Emerson Square

Corporate tax cut would hit financing of low-income housing

By Mindy Tan

As the price of low-income housing tax credits, or LIHTC, comes under pressure, market watchers fret over the future of these housing projects.

“It’s a real problem and it’s significant enough of a problem that people are trying to figure out different ways to accommodate and plan and prepare,” said Kevin Jackson, the executive director at Chicago Rehab Network.

The plans vary, from some states contemplating the creation of a reserve of credits to combat a shortfall, to other states discussing giving out more credits to developments. In both cases, the end result is fewer developments.

LIHTC, which is a dollar-for-dollar credit system that allows corporations to offset tax liability by directly investing in affordable housing projects, accounts for 90 percent of all affordable rental housing created in the United States, according to the Illinois Housing Development Authority’s website.

Such tax credits have come under pressure following President Donald Trump’s promise to drastically reduce the corporate federal-income tax rate to 15 percent from the current 35 percent. Members of Congress meanwhile are eyeing a rate in the 20 percent to 25 percent range.

“There is still demand for the credits. It’s just that the amount investors are willing to pay for tax credits has gone down because of the impact that the tax reforms would have on the rate of return,” said Dirk Wallace, a partner in the Dover, Ohio, office of Novogradac & Co. LLP.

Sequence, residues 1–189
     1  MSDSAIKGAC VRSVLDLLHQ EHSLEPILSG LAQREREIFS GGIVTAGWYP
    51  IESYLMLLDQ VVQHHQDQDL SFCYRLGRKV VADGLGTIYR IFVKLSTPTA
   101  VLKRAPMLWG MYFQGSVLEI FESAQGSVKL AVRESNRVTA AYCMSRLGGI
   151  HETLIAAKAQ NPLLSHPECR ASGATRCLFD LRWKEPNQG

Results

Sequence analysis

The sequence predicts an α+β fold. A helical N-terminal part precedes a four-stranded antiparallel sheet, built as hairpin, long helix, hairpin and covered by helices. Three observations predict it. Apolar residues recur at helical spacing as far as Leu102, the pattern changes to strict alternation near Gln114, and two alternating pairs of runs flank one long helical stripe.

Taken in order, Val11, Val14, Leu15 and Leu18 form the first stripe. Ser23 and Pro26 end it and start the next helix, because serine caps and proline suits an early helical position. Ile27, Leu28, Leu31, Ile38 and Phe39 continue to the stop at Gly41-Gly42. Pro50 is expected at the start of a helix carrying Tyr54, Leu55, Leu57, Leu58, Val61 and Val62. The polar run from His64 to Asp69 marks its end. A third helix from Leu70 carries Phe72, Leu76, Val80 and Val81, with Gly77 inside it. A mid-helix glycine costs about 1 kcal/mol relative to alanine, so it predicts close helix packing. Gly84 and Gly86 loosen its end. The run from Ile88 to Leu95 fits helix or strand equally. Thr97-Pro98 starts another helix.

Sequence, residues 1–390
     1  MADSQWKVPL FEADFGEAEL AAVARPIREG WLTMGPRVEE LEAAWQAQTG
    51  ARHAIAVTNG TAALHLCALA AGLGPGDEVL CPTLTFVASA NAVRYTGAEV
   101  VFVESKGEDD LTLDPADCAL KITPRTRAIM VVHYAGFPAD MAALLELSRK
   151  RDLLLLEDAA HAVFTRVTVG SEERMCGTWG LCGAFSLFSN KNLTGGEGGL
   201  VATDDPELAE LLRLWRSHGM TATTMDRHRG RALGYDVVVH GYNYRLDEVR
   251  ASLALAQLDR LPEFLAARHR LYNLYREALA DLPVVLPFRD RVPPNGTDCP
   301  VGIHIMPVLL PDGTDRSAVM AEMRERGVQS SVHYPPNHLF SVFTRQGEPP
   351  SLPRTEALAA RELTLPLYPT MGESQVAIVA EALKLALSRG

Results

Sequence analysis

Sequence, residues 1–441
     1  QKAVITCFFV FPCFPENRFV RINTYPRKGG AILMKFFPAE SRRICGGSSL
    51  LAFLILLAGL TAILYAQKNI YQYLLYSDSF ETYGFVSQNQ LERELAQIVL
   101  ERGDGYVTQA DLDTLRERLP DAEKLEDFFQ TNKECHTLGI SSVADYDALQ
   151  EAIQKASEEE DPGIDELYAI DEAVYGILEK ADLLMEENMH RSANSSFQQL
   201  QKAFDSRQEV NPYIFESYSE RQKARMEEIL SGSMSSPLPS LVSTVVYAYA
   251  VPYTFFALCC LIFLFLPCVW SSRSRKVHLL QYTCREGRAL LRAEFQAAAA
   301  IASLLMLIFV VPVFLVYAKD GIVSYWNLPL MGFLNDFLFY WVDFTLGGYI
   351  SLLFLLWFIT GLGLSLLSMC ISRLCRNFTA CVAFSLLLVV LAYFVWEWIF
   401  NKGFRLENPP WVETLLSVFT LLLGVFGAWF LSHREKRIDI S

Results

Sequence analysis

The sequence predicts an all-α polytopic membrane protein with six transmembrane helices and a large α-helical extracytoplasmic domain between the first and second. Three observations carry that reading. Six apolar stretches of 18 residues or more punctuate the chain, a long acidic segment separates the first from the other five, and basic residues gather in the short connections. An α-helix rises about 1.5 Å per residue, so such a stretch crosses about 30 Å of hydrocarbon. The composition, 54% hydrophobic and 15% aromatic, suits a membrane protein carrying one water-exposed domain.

“We ran some analysis, the drop is anywhere from a few cents to 17 cents per credit,” said Wallace in a phone interview.

This has affordable housing developers jittery.

“The states are talking about increasing the tax allocation and giving each developer more tax credits. Obviously that means they are going to award less deals in the future, so you might see a decrease in the affordable housing construction going forward. For us it means it’s a lot more competitive moving forward,” said Alex Pereira, a project analyst at UP Development LLC.

Alex Pereira, project analyst at UP Development LLC
Alex Pereira is a project analyst at UP Development LLC, an affordable housing developer.

According to accounting firm Novogradac, the credits that are designed to subsidize 70 percent of costs in a low-income project could drop to 83 cents per credit if the corporate tax rate is lowered to 15 percent.

And credits that are designed to subsidize 30 percent of costs could drop to 81 cents per credit if the corporate tax rate is lowered to 15 percent.

“What they are trying to do is simplify the tax code. Instead of all these tax breaks and tax credits, they want to just lower the rate. But I think what some might not realize is what these tax breaks fund,” said Wallace. “So if you drop the corporate rate, projects may not get funded, and that becomes an issue.”

“If we don’t have LIHTC, what will we have to create affordable housing?” asked Jackson. “We always need to be working on finding resources and support for people of all incomes. We don’t want to lose what we have.”

Photo at top: Emerson Square Apartments in Evanston is a mixed-income rental community which benefited from a range of tax credits and grants. (Mindy Tan/MEDILL)